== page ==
PFW: CHRISTIAN DIOR A/W 2017

Christian Dior A/W 17

Blue.

That’s really the most important thing you need to know about Maria Grazia Chiuri’s second collection for Christian Dior. At the beginning of her show notes, she quoted the house founder himself, from The Little Dictionary of Fashion, “Among all the colors, navy blue is the only one which can ever compete with black, it has all the same qualities.” That was all the inspiration Ms. Chiuri needed to pull together this 68-ensemble collection bathed deep in indigo and given just enough sparkle to engage the night.

Stay with me here, I’m going to go deep for a moment because I think it helps explain the uniqueness of this collection. Chiuri pulled her base look from Dior’s 1949 Haute couture Chevrier look. That dress then made of heavy wool and a hood inspired by clerical robes, had a classic hourglass shape and a skirt that buttoned down the center. I tried securing a photo for comparison but was not able to get the appropriate permissions within a reasonable period of time. The look was lovely and it provided plenty of concepts around which Ms. Chiuri could build a contemporary collection.

This collection is loaded, too, with jackets, skirts, dresses, capes, coats, bomber jackets and a more contemporary hood. On the fabric side, get ready to unload a tremendous amount of taffeta. She opens and closes with the fabric and it dominates the bulk of the collection. Then comes denim, which, on the surface, isn’t exactly the most feminine of fabrics, but she uses it here to demonstrate power and strength in a very effective manner. Toss in some Herringbone, a few bolts of velvet, and some leather just where it’s needed, and magic starts to happen.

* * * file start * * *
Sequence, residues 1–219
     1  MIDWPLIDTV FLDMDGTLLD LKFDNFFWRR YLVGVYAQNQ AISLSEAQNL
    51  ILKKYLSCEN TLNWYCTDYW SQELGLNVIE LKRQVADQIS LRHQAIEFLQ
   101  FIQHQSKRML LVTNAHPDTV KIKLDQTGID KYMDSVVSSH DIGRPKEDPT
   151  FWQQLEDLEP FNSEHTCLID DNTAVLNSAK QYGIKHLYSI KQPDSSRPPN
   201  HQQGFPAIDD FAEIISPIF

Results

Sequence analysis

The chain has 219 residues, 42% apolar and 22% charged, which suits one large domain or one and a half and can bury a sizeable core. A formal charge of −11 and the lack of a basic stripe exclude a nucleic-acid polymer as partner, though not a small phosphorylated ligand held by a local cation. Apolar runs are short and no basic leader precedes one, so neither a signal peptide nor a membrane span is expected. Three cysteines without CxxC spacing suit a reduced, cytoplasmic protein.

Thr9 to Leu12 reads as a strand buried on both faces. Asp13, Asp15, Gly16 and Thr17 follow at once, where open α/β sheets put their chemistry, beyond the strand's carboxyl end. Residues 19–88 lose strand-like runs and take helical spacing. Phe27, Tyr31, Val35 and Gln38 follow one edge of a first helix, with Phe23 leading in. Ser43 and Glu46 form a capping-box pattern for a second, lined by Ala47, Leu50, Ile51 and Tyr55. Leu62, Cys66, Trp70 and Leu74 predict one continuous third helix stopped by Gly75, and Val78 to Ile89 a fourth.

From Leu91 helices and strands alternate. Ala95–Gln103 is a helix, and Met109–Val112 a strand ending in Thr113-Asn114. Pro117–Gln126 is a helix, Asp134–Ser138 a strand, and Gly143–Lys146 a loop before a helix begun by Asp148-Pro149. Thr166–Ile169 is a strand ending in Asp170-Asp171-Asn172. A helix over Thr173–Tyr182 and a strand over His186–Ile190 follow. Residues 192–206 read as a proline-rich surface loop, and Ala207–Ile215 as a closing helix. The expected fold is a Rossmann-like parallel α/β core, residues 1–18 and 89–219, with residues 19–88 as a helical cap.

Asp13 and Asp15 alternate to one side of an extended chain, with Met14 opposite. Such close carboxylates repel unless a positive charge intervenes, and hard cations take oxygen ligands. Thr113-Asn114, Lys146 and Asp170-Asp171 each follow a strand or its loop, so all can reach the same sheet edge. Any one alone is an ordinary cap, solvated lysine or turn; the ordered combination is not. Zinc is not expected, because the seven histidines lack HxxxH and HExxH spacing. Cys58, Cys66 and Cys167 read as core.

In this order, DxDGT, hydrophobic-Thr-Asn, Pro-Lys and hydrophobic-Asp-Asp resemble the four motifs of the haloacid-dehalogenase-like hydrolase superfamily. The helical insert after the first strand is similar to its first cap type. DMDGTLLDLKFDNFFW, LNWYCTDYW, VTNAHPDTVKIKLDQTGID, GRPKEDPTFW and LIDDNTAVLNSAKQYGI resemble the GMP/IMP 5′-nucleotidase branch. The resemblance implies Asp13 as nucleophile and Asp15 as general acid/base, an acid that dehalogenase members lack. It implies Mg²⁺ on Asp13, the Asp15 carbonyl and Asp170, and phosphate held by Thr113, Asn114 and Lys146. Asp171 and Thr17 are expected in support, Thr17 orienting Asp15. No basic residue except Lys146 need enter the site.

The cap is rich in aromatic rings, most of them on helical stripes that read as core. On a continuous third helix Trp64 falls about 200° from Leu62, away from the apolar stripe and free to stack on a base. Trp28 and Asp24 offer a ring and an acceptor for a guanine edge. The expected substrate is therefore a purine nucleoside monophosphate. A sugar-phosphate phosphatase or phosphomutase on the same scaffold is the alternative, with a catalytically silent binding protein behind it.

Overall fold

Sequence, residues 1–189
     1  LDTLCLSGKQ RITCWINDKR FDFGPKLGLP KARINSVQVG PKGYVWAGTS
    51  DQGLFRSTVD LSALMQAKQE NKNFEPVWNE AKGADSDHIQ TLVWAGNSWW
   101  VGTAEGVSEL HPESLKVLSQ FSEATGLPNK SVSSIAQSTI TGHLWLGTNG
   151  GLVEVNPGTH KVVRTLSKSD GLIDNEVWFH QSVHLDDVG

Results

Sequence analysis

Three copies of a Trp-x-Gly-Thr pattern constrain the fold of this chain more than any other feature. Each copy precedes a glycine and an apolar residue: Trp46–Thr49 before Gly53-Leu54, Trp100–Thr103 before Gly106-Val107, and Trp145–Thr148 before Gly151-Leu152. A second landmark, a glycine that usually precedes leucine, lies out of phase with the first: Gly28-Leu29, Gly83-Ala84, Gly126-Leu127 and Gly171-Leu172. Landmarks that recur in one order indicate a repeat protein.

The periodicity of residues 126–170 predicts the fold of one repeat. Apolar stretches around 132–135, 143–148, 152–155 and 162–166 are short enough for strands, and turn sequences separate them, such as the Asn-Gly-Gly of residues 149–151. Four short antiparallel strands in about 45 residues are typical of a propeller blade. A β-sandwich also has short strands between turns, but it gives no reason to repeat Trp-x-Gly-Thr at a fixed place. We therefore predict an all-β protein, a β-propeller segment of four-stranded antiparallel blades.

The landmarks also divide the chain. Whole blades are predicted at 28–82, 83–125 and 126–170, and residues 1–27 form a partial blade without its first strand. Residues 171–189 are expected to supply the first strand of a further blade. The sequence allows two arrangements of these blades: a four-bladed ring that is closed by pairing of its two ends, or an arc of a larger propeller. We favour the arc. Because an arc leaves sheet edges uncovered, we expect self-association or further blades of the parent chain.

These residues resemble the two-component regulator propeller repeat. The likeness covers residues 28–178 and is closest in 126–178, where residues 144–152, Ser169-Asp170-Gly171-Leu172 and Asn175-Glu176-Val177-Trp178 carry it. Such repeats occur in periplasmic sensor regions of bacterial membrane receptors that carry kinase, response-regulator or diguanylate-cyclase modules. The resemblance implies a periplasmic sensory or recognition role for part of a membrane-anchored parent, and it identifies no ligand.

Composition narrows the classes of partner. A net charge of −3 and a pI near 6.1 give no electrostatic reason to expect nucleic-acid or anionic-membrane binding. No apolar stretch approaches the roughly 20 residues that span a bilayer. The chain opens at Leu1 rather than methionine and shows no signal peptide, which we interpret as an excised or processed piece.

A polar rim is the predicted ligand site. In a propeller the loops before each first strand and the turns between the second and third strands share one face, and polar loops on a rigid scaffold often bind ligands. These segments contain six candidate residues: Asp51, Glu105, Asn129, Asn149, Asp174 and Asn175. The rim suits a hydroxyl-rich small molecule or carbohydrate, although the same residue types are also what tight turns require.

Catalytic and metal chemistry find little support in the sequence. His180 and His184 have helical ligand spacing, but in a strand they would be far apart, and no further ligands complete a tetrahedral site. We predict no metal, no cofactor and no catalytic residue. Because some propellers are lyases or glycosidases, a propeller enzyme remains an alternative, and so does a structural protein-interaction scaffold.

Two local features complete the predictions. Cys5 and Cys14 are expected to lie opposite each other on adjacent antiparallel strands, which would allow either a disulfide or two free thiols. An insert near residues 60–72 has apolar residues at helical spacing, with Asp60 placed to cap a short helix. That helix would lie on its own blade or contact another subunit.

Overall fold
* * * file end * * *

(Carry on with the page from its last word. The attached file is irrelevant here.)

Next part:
Then, there’s the berets. Everyone had one, including house muse Rhianna who showed up already wearing an ensemble from the collection. That just goes to show that anyone can have see-now/buy-now—if you’re Rhianna.

Here’s the thing about taffeta: it wears funny. Quite often through this collection, we see it pleated and those pleats are often rather long. This is an attempt to prevent this contrary fabric from wrinkling. The pleats don’t always work, though, because all one has to do is breathe in the general direction of taffeta and it wrinkles severely. One practically needs an assistant following them around with a steamer if they want that crisp, sharp-edged look.

What wears better than taffeta? Denim, of course, and, on one hand, it seems somewhat anti-feminine to put women in such a scratchy, rough, and sometimes uncomfortable fabric. Sure, it feels good once you’ve had ten years or so to break it in, but brand new denim, especially when it’s been dyed as this has, tends to chafe like nothing else (speaking from direct experience). Fortunately, Chiuri keeps the silhouettes on her denim loose with plenty of breathing room.